The consensus among the students surveyed is that they just

do not have time to care about local races.

"I don't think students are too concerned with the ability of city government to initiate programs," said Nolan Renobato, a post baccalaureate student in political science. "Government doesn't seem to really concern individuals in the primary age category that are attending college."






by Tanya Eiserer

News Reporter

This year’s city council races were clouded in controversy over the term-limitations issue as several challengers filed lawsuits to keep incumbents off the ballot.

The problems erupted over a provision in the term-limitations ordinance that allows incumbent elected officials to gather signatures to remain on the ballot.

Council member, Jim Greenwood, was knocked off for failing to gather sufficient signatures, while four other council members, Christin Hartung, John Goodner, Frank Mancuso, Ben Reyes and Eleanor Tinsley, were disqualified because they failed to list Zip codes of signers. George Greanias, the city controller, encountered problems when signers failed to list their home county.

City Attorney, Benjamin Hall ruled these technical violations of the election code invalidated their petitions, however, Mayor Bob Lanier decided to allow them on the ballot.

Even though they were allowed to run, Greenwood and Goodner dropped out of the city council race. Goodner has retired from city politics while Greenwood will challenge Greanias in the city controller’s race.

"It seems like Lanier dug a trench with this one," J. Michael Marks, a sophomore communications major, said. "It smacks of sweetheart deals between incumbents."

Jeff Parker, a junior political science student, said that the voters approved the "loophole" and the term-limitations, so they should stick with the referendum results.

"They should not be allowed on the ballot if their petitions are found to be faulty," Parker said.

Single-district council members need signatures of 5 percent of the total number of voters in their last election. At-large incumbents needed the signatures of 20,000 qualified voters.

The Citizens for Term Limitations, an organization led by

Clymer Wright that fought to enact the ordinance in Houston, opposes the provision in the ordinance allowing council members to petition.

"It has become obvious that elected officials have become arrogant and unresponsive to people. We need to bind the elected officials with the chains of term limitations," said Wright.

Wright’s organization has backed the lawsuits filed by challengers attempting to keep the incumbents from running. Each of these attempts, thus far, has failed.

"People shouldn’t just have that free ride of staying in office as long as they want. It makes them less accountable," said Dana McDaniel, a junior political science major.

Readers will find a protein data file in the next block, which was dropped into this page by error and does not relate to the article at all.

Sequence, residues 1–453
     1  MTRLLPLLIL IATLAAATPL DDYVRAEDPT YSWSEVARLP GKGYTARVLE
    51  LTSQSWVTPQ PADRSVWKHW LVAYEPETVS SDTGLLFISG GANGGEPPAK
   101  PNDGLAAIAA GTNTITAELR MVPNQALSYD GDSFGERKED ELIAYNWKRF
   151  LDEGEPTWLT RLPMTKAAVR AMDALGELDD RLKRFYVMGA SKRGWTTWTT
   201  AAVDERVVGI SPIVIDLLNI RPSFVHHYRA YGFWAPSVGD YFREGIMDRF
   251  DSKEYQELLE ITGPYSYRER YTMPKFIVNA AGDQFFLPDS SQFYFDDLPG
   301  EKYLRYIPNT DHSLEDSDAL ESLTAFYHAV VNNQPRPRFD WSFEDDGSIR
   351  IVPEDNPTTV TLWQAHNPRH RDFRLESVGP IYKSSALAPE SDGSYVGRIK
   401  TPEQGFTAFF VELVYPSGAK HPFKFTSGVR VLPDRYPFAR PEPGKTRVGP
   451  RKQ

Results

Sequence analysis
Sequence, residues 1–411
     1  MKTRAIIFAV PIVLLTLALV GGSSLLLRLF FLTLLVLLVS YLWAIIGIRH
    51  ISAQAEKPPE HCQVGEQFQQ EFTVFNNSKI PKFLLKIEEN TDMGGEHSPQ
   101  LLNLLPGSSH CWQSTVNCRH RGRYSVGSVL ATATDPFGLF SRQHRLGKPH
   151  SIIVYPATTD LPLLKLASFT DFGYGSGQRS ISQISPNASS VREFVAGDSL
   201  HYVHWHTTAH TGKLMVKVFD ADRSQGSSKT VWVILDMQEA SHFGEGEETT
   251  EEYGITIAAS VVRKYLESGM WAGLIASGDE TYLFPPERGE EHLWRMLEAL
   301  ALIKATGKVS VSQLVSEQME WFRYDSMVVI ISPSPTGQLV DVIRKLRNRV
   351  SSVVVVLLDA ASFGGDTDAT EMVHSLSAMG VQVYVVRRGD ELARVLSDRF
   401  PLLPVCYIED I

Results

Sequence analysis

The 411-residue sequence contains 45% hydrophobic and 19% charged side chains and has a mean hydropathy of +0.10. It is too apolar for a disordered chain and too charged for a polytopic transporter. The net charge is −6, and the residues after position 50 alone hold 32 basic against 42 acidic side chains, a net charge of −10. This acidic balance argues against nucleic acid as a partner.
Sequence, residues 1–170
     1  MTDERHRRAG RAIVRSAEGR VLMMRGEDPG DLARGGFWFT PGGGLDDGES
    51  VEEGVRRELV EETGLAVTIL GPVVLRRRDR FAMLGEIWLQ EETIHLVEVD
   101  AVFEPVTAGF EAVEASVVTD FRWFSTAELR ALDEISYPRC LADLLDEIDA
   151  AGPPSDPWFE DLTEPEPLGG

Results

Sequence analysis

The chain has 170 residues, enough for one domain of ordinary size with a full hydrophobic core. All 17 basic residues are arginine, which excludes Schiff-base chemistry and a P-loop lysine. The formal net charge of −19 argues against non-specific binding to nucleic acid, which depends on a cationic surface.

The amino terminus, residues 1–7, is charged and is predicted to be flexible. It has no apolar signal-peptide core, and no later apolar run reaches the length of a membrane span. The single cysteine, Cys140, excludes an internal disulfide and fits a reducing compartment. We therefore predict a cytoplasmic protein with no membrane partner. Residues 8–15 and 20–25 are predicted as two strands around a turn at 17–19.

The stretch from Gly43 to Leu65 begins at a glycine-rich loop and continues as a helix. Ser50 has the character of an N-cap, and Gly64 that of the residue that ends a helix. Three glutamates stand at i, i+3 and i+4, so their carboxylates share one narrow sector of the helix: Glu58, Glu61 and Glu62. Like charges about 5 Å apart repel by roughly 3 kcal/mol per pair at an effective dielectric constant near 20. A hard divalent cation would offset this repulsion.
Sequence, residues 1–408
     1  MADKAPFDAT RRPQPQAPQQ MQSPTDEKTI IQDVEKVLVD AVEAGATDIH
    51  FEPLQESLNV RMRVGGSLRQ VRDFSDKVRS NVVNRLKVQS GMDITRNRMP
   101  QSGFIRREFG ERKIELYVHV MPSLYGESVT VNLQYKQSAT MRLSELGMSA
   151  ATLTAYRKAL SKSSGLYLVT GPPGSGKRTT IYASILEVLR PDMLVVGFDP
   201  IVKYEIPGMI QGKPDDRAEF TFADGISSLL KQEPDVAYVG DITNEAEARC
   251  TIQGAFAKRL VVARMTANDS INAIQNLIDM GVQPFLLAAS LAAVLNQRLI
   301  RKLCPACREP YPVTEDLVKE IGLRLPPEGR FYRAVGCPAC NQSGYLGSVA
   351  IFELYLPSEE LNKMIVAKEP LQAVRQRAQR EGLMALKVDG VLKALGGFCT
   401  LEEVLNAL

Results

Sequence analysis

Wright’s organization considers the loophole, that allows incumbents to circumvent the three, two-year term-limitations restriction, to be wrong. Jessica Farrar, Reyes’ chief of staff, said that the allowance for petitions is not a loophole.

"If you can be knocked off the ballot, then you should be able to get back on the ballot," Farrar said.

Term limitations advocates have their reasons for wanting to "kick the bums out," but at the same time they are "throwing out everybody," Farrar said.

"I don’t agree with term limits. We have the power to vote. It is our privilege." said Debbie Dedrick, a senior elementary education major.

Although Wright’s organization claims that term limits will lead to a cleaner, more efficient city government, Bob Stein, a Rice University political science professor, disagreed.

Stein will soon publish a book on efforts to limit the terms of U.S. representative.

"Term limits rob council of people who voters want. Term limits won’t raise people’s respect for city government. It does not produce a responsive, efficient government," Stein said.






by Phillana Williams and Jane Shasserer

News Reporters

Houston has seen a sharp increase in the participation of women in the political process, which should become evident in the Nov. 2 election.

In a recent poll taken among UH female faculty, staff, students and citizens voiced their opinions and outlooks on the local political system. All the participants in the poll were registered voters and approximately 70 percent plan to vote in the upcoming election.

"By expressing my voice, there is a chance my ideas will be heard. Non-voters not only hurt themselves, but others who have the same ideas," said Charlyn T. Bradley, a 22-year-old Junior IST major.

Based on the poll, the outlook of the current political system by UH women is fairly positive. Most of the participants felt that their vote would make a difference.

"It is an important citizen's right to vote. I am patriotic and voting is a value. It makes a difference to believe in making a difference in this world," said Amy Wortham, 35-year-old director of UH's STEPS program, which is part of the Counseling and Testing Service Department.